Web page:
The surgery was declared a huge success and greeted by much applause, as countless images of a smiling Emaan were released to the press.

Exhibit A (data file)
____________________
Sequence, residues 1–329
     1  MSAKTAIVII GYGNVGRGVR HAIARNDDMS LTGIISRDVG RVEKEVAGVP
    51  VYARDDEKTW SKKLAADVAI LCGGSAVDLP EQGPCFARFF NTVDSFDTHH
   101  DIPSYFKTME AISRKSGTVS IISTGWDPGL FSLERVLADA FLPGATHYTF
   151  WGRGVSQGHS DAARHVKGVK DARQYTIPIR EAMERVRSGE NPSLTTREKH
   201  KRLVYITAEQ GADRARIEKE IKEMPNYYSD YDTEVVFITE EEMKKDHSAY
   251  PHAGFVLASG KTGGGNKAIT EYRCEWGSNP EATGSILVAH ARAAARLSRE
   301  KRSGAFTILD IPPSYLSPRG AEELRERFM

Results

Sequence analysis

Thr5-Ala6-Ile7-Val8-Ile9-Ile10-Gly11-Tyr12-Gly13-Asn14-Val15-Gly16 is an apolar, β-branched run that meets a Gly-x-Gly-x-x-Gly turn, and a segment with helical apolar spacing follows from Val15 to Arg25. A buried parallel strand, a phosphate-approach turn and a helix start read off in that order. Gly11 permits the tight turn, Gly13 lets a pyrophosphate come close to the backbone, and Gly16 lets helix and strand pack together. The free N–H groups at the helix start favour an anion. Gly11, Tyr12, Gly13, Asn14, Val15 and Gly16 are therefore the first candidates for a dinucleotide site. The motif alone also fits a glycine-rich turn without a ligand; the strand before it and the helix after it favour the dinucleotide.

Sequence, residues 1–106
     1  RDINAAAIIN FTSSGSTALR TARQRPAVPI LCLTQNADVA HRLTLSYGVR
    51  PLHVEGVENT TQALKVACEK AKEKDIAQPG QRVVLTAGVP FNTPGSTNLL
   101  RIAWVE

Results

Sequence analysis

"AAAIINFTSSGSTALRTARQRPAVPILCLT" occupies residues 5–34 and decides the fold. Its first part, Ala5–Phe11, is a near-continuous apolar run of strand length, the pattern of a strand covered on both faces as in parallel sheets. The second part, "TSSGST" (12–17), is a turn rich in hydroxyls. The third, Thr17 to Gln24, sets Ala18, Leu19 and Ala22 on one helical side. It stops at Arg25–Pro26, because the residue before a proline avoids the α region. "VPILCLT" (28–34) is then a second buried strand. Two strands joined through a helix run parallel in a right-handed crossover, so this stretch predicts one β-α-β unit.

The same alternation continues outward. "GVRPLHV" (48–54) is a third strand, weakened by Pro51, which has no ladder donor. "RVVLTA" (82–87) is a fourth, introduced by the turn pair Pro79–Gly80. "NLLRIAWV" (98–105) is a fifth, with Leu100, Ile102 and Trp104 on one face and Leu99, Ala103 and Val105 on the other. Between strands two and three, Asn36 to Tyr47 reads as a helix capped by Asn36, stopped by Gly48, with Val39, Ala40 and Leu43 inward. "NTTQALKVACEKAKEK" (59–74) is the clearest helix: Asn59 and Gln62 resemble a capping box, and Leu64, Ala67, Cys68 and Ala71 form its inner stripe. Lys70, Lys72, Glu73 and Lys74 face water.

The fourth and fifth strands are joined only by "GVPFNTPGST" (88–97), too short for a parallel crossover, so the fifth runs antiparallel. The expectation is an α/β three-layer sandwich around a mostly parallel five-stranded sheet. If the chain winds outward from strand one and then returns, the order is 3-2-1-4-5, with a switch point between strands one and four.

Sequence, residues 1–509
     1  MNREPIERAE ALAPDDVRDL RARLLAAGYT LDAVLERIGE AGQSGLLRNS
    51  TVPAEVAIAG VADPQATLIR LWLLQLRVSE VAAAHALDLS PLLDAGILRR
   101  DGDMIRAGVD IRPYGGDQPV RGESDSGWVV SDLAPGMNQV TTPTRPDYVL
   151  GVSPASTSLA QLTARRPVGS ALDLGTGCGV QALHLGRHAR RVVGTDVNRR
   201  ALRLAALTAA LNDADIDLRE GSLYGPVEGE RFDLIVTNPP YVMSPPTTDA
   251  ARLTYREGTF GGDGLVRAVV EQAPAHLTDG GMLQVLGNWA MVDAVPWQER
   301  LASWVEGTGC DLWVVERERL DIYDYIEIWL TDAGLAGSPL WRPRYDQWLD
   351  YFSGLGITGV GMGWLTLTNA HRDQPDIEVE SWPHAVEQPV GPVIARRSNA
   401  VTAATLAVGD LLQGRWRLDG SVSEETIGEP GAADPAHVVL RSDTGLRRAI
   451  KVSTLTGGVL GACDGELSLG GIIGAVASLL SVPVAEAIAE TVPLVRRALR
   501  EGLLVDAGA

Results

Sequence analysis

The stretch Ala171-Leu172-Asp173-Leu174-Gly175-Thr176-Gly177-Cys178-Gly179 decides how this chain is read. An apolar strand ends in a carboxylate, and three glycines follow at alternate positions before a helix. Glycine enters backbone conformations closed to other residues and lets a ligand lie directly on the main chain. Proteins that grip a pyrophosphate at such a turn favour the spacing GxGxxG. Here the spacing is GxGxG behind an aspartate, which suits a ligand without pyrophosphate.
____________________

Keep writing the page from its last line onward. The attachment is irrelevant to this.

I had closely followed the complex, international case of Emaan, a patient from Egypt, whose sister Shaimaa had accepted the offer from a Mumbai-based bariatric surgeon to operate on the 36-year-old woman and give her a better quality of life. It was a great story, which was lapped up by the media, not just in India, but internationally as well. It started on a dramatic note, with the demolition of a wall in Emaan’s modest home in Alexandria, as the Indian team said it was the best way to get her out and place her in a specially-created cage-like container on a crane. Visually, the impact of a nearly 500 kg (she was never weighed, believe it or not... and these were guestimates) woman being moved in this manner was indeed stunning. We gasped at the audacity of Operation Emaan, the minute details of which were flashed by the team, as the convoy made its way to the airport, onto a specially-fitted aircraft and landed in Mumbai, where, of course, a posse of press photographers was positioned to catch the historic moment. Instead of utilising the services of a large enough ambulance (we have it in Mumbai), it was decided to load the patient on to an open truck, and transport her to the designated hospital, with the lead doctor waving to the cheering crowds, like the captain of a victorious cricket team.